I arrived in time to have a ridiculously expensive Toasted Ale ($7? Seriously?) and see local-ish act Family Lumber play a 45-minute set. When they started, their vocalist/guitarist strummed an acoustic and had quaint folk backings, and it consequently reminded me of something between the Mountain Goats and the Decemberists. But those vague similarities quickly dissipated, as the music gave way to fairly straightforward indie rock for the remainder of the set. They usually utilized three guitarists, which gave them a warm and layered sound, even if it wasn't always terribly interesting. However, some of those guitarists would occasionally forgo their main instrument for some auxiliary percussion -- maybe some tambourine. I remember the singer sounding oddly like Andy Hull in a few songs, and giving some shout-outs to "Cool Runnings" at other times. I left a single song early to get a taco and ended up going for a pretty delicious falafel instead, just a block away from Mercury Lounge.
Having my appetite whet perfectly, Drew Danburry was just about set up and ready to go with his two bandmates when I came back. The only knowledge I have of this man is from some reviews, both of which give the singer/songwriter some mild praise. Either way, I wasn't really sure what to expect, and was pleasantly surprised by a humble but inviting man who was fully bearded, dressed in a periwinkle jumpsuit and probably infatuated with Neil Young. He played semi-folky romps with Petty-esque harmonica blowing, like a more dynamic version of some of the songs on Attack in Black's recent album/transformation. Danburry was all about crowd participation for his entire set and the audience was incredibly responsive to his sincere requests. He encouraged a sing-along for the second song, and you could hear just about everyone in the room consequently humming along. He asked for a Pee-wee's Playhouse "secret word of the day"-type reaction to a harmonica bridge for another jam, and indeed, some humored Danburry with wigged-out screaming. We also supplied ghost noises for another song. I wasn't running to Danburry's merch table to buy his album once the set ended with an incredibly quaint ukulele composition, but it was definitely an entertaining 45-50 minutes and I didn't have to stand around buzzed and a little overanxious for the headlining act for close to an hour like I tend to do at more "indie"-type shows.
Someone Still Loves You, Boris Yeltsin quickly got on stage and got their shit together impressively quick. The time between sets couldn't have been any more than 10 minutes; I wish more shows were this prompt. Granted, it was nearing 11 by this point, but still -- I was glad to see they weren't taking their time.
The band opened both modestly and shockingly with the first track off their debut, Broom, with the excellent "Pangea," and even followed it right up with that album's closer. Though the early material definitely lacked the pleasingly stuffy intimacy, the band did a fine job translating it live. "House Fire" was probably the biggest challenge to bring to the stage, especially as the band didn't have any acoustic guitars to try and match the studio version. No matter, as they added little alternate chords and riffs to spice it up and give it a flavor that was totally unique from the original. Acting as the '2' of the 1-2 bang that was "Think I Wanna Die" and "House Fire," it was definitely a mid-set highlight, as was the surprising scrappiness of "Oregon Girl."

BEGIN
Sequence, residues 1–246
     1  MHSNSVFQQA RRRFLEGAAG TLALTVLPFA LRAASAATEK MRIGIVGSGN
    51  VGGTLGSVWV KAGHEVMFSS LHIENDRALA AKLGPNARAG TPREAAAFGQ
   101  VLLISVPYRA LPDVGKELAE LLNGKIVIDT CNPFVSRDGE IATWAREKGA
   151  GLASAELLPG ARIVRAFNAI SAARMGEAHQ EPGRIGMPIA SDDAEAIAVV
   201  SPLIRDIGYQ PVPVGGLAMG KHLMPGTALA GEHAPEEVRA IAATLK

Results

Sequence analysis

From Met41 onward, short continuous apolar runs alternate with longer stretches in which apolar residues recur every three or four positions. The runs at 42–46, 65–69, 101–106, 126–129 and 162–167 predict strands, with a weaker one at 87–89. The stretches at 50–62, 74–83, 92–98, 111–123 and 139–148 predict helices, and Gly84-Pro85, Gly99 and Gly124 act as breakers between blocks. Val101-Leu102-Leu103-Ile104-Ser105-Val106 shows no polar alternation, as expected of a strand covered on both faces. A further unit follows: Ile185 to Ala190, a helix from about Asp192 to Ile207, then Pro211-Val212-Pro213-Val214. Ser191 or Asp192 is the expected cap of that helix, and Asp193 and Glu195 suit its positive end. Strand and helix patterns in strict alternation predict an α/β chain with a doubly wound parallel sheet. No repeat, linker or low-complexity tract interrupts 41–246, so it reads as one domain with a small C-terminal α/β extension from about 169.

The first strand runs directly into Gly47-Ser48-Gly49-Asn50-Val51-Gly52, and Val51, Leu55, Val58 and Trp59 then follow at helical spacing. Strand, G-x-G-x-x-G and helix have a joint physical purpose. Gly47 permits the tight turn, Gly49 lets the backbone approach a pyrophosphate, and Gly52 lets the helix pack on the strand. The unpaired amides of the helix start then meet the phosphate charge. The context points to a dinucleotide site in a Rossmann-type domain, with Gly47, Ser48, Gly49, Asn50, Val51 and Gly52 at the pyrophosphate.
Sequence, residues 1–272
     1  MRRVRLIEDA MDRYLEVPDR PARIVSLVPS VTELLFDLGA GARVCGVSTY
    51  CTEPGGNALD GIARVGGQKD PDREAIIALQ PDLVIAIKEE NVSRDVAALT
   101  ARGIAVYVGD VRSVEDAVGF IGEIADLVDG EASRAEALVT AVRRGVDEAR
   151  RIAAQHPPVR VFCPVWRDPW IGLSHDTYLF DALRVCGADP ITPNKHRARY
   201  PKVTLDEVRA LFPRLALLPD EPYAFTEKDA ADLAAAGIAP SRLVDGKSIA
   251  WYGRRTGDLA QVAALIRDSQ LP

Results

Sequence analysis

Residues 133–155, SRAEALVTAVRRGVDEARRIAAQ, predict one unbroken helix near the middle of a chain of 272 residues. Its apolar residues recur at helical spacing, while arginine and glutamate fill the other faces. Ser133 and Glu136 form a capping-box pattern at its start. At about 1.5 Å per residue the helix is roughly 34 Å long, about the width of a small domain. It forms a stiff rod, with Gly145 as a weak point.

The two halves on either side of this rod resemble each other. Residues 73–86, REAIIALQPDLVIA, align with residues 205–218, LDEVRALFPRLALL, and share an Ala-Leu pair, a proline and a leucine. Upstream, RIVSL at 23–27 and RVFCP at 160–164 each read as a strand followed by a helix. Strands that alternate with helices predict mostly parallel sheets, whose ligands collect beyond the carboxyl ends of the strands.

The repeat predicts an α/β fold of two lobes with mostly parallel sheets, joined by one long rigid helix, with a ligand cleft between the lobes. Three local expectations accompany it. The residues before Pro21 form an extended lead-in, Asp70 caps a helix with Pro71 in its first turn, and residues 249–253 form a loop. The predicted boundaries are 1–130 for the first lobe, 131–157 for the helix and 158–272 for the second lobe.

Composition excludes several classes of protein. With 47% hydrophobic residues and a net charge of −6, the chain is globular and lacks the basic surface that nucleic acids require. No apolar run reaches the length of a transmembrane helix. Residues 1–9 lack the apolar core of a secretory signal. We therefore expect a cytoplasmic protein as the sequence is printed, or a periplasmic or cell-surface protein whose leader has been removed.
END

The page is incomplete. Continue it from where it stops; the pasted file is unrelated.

Speaking of mid-set, it was around this time that three of the band's four members rotated instruments -- I think it was after "House Fire" that drummer/vocalist Philip Dickey took the frontman position and picked up the guitar, bassist Jonathan James moved to the kit and vocalist/guitarist John Cardwell moved over to bass and what seemed like just backing vocals. It was definitely an unexpected move, having never seen the band live before, but the set continued to flow without perfunctory measures. In fact, the enthusiasm only picked up, as Dickey was a little more lively than Cardwell, occasionally jumping around towards songs' end. He added insane cowbell parts to "Oceanographer," too, though ceded focus to lead guitarist Will Knauer on "Modern Mystery," when the flange-ish effect Knauer was using gave the song a bizarrely Cure-ish vibe.
The "encore" transition was amusing, since there's really nowhere to go inside the Mercury Theater performance room. The four simply walked to stage left and crowded by the wall, where they couldn't really hide from the crowd. They chatted for a bit about what to do next, then walked right back over and picked things back up again, getting in "I Am Warm & Powerful" and the only song of the set -- the closer -- I didn't quite recognize. Maybe a super old jam? Who knows. Probably another reviewer. When the unknown jam ended, the band promptly trashed their instruments a bit, throwing their guitars into the drumkit and Cardwell literally jumping into the mess like it was a freshly raked pile of leaves. And after a solid hour, it was all over.
Overall, the band played impressively tight and just about every song I wanted to hear (well, except maybe "Boring Fountain," "Dead Right" and "You Could Write a Book"), including the two cuts on their most recent release, a split 7" with jangly English math-pop unit, Puzzle. Definitely a band rec'd to see live if you enjoy Broom and Pershing enough.
Set list (10:55-11:48/11:57):
- The Beach Song
- Glue Girls
- Oregon Girl
- Anna Lee
- Think I Wanna Die
- House Fire
- Some Constellation
- We Can Win Missouri
- All Hail Dracula [new song]
- Same Speed
- Modern Mystery
- I Am Warm & Powerful